My input would just be for a bit more balance if I look at the various discussions on the Internet about this at present. People tend to overreact IMHO about what God can do amidst this type of crisis and what Science can do. What does it mean to create "space" for this in the Church? That Biblical counseling must now take a back seat while the Psychologists & Psychiatrists take over? Is there place for the Bible and Faith at all?

    My own experience – and each one is unique – was that the medicine did not ultimately make a huge difference for me. What helped me was my faith in God, the unconditional support of my loved ones and an unwavering desire to get rid of the Doctors. I do not believe it is right to be subject to so called Science to forever govern over my Spirit and Soul, if God can make a difference.

    Of course if people truly have a sickness that is different. I think though that too often that is used as a cop out to face some issues in your life. It is a fine line. There is no doubt for me that in my life there were lifestyle issues, unforgiveness, sins I had to deal with, etc. I personally know the luxury of hiding behind Doctors and Medicine, instead of facing & dealing with the issues.

    Please I am not judging those who take the meds, etc. although I do have my doubts about the effectiveness of the various AD medications – from personal experience. All I am asking for is bit more balance. I believe Jesus Christ is our Creator and ultimately He is still in a position to understand and heal you, if you are a believer and trust Him. An unbeliever will never understand this. If God happens to use the Doctors, so be it, but I think an endless, unjustified cycle of dependency on chemicals was not His perfect will for me at least.

    The stigma I fully agree we need to deal with as Christians. We are too easy to look “down” at someone who struggles, for whatever reason. This is not biblical, read the sermon on the mountain. We need to talk more openly about this stuff – “Love wins” but I am not a follower of Rob Bell please. My faith in God and the joy that Jesus brings is what pulled me though – not the chemicals.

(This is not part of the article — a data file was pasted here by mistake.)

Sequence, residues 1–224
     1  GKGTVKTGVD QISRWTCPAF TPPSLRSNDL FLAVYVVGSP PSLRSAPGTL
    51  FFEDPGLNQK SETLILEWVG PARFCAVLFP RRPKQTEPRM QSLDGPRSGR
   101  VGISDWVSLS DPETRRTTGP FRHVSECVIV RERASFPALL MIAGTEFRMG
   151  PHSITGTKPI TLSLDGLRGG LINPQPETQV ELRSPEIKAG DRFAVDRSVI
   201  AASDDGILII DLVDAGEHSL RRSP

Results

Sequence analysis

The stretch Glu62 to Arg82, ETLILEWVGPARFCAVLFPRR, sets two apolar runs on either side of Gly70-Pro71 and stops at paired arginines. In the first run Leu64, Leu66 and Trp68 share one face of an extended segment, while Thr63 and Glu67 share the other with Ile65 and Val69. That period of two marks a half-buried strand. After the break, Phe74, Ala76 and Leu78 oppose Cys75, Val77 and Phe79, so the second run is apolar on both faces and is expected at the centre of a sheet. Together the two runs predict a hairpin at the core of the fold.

I thank God for that.

    April 10, 2013 at 5:18 pm |
    • Science

      Well good for you peace

      Atheist Prof. Peter Higgs: Stop calling Higgs boson the ‘God particle’

      Professor Peter Higgs said recently that there is no God and so people should stop referring to the theoretical partial that
      bears his name as the “God particle.”

      http://www.rawstory.com/rs/2013/04/08/atheist-prof-peter-higgs-stop-calling-higgs-bosen-the-god-particle/

      April 10, 2013 at 7:46 pm |
  15. linds0929

    I'm curious as to your thoughts on spiritual warfare as linked to depression/suicidal thoughts. Would you agree that this should be a topic discussed more in the church, as it is heavily linked to the same symptoms/patterns of people diagnosed with "mental illness"? I have friends who have been demonized (and are no longer, praise Jesus), and one of the most common accusations to them was that "they weren't worth anything and might as well die." Repeatedly. Would love to hear your thoughts.

    April 10, 2013 at 3:42 pm |
  16. drep

    "How churches can respond to mental illness"

    They can't.

    They can't respond because they can't actually do anything.